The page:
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15 of 16 people found the following review helpful
Format: HardcoverVine Customer Review of Free Product( What's this? )
Poets approaching their winter years have two choices. Like Walt Whitman, they can cast their eye to how scholars remember them after they die. Try reading later editions of Leaves of Grass, and note how opaque his work has become compared to earlier editions. Or they can keep the living audience in view, trusting that knowing readers will keep good writing alive. Ursula LeGuin has done the latter, and I love her for it.

Best known for her award-winning science fiction and fantasy, LeGuin has also kept many irons in the fire: she's also an esteemed translator, critic, and essayist. Her poetry also proves a remarkable reward, offering glimpses into one of our time's greatest minds. And considering the range of time covered in this collection, from 1960 to 2012, we get to see her evolution over the course of a productive, unconventional career.

The first half of this collection selects highlights from LeGuin's prior collections. The table of contents cites thirteen collections, a remarkable number number for someone not known as a poet. Many respected poets have not been so prolific, perhaps because she writes full-time, and does not teach. Perhaps more important, because she writes for a paying audience and not for the tenure committee, her poetry is remarkably lucid:

So still so sunny and so Sunday
is this early day,
what's done needs to be quiet:
a white butterfly
by the red fuses of the fuchsias.

("Morning Service")

Some of LeGuin's earliest poetry utilizes the same fantastic imagery that informs her famed speculative fiction. Minstrels and maenads, nymphs and sun gods. But she does not linger on these tropes, and largely writes them out remarkably early. LeGuin writes poetry separately from her fiction. However, in some important ways, her writing spheres do overlap, particularly in her refusal to stand still and act predictably.

I particularly like her willingness to craft formal verse, which academic poetry decries, without resting on her forms. I can say, as I said about Aaron Poochigian, that LeGuin takes conventional forms and makes them her own. She writes sonnets, quatrains, and terza rima, but in ways that serve her, not in ways that conform. Some of her forms are surprising, like villanelles with four-syllable lines, or innovative ad hoc forms:

The mind is still. The gallant books of lies
are never quite enough.
Ideas are a whirl of mazy flies
over the pigs' trough.

Words are my matter. I have chipped one stone
for thirty years and still it is not done,
that image of the thing I cannot see.
I cannot finish it or set it free,
transformed to energy.

("The Mind Is Still")

The second half of this collection pulls together previously uncollected poems, most of them quite short, like snapshots of a moment in the mind's eye. She continues experimenting with tradition, taking the familiar and pushing its parameters to make it new, at once somehow comforting and unsettling. Italian octavos and ghazals and rare Indian forms jump out like old friends who have somehow reinvented themselves:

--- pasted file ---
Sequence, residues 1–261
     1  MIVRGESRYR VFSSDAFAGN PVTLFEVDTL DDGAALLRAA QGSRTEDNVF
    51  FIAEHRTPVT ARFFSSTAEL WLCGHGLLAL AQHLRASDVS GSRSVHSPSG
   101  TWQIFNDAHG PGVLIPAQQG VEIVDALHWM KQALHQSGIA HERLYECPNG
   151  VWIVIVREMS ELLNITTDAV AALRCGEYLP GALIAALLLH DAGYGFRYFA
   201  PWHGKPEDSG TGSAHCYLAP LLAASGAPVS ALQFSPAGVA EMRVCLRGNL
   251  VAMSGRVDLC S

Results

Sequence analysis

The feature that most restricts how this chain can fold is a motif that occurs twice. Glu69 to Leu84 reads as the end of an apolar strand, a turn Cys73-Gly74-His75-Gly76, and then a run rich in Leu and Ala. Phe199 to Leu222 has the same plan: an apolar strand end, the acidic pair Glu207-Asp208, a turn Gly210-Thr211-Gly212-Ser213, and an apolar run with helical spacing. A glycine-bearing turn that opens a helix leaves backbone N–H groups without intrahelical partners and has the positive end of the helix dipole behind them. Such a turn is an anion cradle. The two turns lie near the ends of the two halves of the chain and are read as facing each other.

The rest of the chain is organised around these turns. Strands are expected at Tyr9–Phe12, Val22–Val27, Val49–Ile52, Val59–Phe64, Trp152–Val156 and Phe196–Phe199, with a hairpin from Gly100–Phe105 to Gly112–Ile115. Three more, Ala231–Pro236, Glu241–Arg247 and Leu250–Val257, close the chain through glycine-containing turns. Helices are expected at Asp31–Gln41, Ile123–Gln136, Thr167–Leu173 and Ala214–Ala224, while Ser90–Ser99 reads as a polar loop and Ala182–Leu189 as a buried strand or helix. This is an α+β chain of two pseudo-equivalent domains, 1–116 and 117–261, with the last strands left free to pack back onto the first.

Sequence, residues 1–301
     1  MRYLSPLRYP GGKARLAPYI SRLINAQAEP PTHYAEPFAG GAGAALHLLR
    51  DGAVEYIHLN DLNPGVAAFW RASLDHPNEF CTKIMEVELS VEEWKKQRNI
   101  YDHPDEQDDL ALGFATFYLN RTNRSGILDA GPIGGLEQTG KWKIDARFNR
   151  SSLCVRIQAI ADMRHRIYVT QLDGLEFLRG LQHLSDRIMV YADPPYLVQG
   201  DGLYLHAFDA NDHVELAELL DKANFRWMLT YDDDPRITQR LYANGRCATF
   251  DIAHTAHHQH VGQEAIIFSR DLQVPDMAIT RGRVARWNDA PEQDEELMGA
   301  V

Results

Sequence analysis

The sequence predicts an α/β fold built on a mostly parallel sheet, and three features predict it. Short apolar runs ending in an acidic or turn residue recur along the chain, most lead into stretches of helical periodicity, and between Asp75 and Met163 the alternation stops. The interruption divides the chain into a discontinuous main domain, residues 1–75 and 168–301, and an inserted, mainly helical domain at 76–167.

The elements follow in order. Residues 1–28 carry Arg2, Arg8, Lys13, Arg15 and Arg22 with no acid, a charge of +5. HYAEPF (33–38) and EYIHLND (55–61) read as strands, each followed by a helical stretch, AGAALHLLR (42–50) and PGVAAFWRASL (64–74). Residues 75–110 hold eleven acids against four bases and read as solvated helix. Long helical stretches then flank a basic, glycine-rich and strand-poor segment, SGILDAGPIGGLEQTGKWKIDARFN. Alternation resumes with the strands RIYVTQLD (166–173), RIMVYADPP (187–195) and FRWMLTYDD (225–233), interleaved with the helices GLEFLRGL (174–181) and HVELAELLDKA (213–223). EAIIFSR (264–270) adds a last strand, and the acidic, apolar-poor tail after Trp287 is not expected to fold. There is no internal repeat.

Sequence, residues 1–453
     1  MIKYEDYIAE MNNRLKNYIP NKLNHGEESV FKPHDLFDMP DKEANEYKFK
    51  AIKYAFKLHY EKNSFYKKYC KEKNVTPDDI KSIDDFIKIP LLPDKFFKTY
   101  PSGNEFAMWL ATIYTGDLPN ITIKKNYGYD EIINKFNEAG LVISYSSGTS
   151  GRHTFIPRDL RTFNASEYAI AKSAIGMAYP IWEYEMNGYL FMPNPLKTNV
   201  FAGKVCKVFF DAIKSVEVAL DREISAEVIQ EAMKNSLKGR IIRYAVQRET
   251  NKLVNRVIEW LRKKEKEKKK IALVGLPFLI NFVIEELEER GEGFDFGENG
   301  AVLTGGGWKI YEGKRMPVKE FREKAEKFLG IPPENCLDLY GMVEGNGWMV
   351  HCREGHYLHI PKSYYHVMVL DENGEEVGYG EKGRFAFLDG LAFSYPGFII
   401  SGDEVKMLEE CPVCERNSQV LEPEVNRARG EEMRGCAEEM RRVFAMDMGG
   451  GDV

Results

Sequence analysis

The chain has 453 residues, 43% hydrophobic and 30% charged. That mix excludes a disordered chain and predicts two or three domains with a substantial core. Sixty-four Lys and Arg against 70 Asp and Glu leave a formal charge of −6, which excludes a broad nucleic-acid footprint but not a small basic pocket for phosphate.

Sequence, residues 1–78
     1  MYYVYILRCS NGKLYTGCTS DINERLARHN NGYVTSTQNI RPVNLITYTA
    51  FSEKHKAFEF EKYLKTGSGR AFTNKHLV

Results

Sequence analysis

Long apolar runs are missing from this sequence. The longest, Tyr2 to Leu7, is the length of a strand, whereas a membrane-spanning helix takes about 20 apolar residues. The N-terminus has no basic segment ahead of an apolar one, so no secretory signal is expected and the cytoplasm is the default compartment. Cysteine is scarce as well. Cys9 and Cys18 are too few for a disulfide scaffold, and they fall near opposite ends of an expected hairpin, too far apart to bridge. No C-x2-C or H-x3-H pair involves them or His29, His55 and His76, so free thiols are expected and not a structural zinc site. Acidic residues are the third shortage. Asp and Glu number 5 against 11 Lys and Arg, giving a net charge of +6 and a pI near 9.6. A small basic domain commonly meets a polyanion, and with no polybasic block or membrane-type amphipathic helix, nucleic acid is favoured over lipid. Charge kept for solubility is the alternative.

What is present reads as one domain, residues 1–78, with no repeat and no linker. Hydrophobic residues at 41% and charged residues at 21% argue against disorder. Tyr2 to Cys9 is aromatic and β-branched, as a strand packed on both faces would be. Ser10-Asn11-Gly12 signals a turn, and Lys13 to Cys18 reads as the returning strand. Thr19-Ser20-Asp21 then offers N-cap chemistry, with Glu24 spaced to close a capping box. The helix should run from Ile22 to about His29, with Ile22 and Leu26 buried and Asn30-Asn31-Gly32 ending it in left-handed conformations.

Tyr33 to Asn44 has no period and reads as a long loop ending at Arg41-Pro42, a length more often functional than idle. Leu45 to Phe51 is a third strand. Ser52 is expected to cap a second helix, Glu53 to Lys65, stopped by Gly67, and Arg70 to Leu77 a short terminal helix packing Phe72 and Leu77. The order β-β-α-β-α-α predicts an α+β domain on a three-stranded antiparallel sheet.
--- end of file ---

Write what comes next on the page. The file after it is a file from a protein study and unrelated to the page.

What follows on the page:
I never thought of a cold dragon
till I saw one dragging its slow body
down the wide wadi it had gouged
out of a mountain, saw the bluish spatter
of icy water from its mouth.

("Mendenhall Glacier")

This one uses Anglo-Saxon lacunae, emphasizing the line structure, pushing the rhyme from the line break into the middle in a way that seems accidental before you realize it's there. She also pushes oblique rhyme about as far as I've ever seen anybody do so ("gouged/mountain"), forcing us to reconsider what makes words rhyme, and why we should consider such contrivances desirable.

Some of LeGuin's new verses address the kind of topics we expect from poets at her age, particularly the difficulties of venerability: fleeting memory, flagging strength, the loss of friends. But she offers far less than we've grown accustomed to in a time when poetry increasingly resembles diary entries. The tenor of LeGuin's new poetry is not one of loss, ending, and death; even in her age, her poetry still bespeaks continuation.

Good artists know the baker does not bake the bread he wants to eat. That's why, say, Bruce Springsteen remains vital and innovative into his sixties. No one would blame Ursula LeGuin if she collected the musings of a great mind winding down; but no one would have felt much else, either. LeGuin cares enough to keep crafting at the peak of her skill, and that makes this collection great.
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4 of 4 people found the following review helpful
Format: HardcoverVine Customer Review of Free Product( What's this? )
Most of us know Ursala Le Guin from her science fiction, such as the classic The Left Hand of Darkness. She's always had a deft twist of worldview and an admirable ability to communicate it, but it's her command of language, I think that explains why she's usually considered among the "literary" SF writers. Even people who like "serious fiction" (whatever that is) seem to like Le Guin, though my own history with her books has been spotty.

Still, I admire her greatly for many things, not the least of which is a writing style full of bring-me-up-short imagery. That's why I was happy to choose her book of collected poems from my Amazon Vine selection, with 30 of her older poems and 90 new ones. I hadn't read any of her poetry before, so it was all new to me. I don't read poetry a LOT, anymore, but my first published work was a poem (when I was all of 13 years old) and I took poetry-writing in college with Frank Bidart as my teacher, so I'm not a poetry heathen.

And... I like Le Guin's poetry. By the nature of any collection (from short stories to poetry) some work better than others, and poetry is so much a matter of "what speaks to me right this second" that it's fairly impossible to proclaim "goodness" for anyone else. Some poems made me shrug and turn the page, where others stopped me in my tracks. Several of the poems are on topics that become more meaningful as I get older: about aging, and living alone, and appreciating nature. Some are long; others, like "Sleeping with Cats," only a few lines long.

I don't think any of these are particularly SFish, which you might be wondering about; rather some of the thoughts she expresses are the backstory behind what might turn into an SFish what-if. For example, from a poem called "The Merchant of Words:"